The Growing Backlash Against Automated Cheating Detectors

from the but-for-a-good-reason dept

It's been nearly four years since we wrote about students and parents being upset that online services that check student homework for plagiarism were also uploading and storing a copy of every paper they checked. It got to the point, earlier this year, that at least one university banned the use of Turnitin, one of the most popular services in this field. It seems that the student rebellion against such tools is growing, as many more students are questioning the legality of such tools, and asking their schools to stop using them. They're not just upset about the uploads, but about the assumption of guilt. While there clearly is plenty of plagiarism to go around, that doesn't mean this is the right solution to it. It's often easy to just throw technology at a problem, but it's worth recognizing that doing so always raises unexpected issues -- and those issues may not be technological on their own, but legal and cultural issues. It seems like many of the schools who jumped on the Turnitin bandwagon didn't spend much time thinking about those additional consequences, and are now facing student anger because of it.

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  1. identicon
    University Student, 30 Mar 2007 @ 4:54am

    Re: Facts are Facts

    Oh, contrare Mr. Hussain! Any other subscriber to the system who gets a comparison match, even if it is one sentence, may request a full and complete copy of the "original" work. The student is NOT the one who gives permission for this, it is the professor who has the account.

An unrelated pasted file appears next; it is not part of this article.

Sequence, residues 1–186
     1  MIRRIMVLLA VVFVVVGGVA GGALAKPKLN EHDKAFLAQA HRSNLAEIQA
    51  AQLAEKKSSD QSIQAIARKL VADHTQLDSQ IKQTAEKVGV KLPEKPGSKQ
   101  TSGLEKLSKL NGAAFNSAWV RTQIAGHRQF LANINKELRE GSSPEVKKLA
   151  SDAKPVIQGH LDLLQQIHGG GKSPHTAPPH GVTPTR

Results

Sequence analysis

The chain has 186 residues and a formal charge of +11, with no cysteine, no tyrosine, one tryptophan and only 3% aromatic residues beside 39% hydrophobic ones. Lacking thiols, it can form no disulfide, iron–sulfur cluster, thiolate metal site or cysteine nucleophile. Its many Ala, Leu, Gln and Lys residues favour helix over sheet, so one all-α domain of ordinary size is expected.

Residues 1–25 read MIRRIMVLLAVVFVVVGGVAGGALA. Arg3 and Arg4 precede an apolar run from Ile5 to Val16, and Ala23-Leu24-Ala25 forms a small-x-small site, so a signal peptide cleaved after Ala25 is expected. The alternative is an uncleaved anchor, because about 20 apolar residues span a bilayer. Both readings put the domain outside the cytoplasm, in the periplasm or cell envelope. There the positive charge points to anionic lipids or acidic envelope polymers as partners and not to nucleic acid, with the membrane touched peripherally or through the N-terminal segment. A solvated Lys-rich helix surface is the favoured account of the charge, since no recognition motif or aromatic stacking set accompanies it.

The company is making money by selling the comparison capability to papers that I write and not compensating me justly for such papers/works. Besides, this service will end up in commercial and government hands at some point in the future for job screening, etc., and if the professor does not release the copy to the inquiring party at that time so that you may prove it is your paper that was flagged as "stolen" how are you going to prove to the potential employer that it really was your paper in the database and not somebody else's? Given the level of professional plagiarism going on (ie. news reporters, etc.) where would YOU stand then? I'll tell you, you'll be moving on to the next application/employer, never knowing why you got ditched!

    This is such a complex issue, it cannot be answered in one post. Look through this thread to see other Pro-Freedom, Anti-Turnitin comments - maybe then you'll get the bigger picture.

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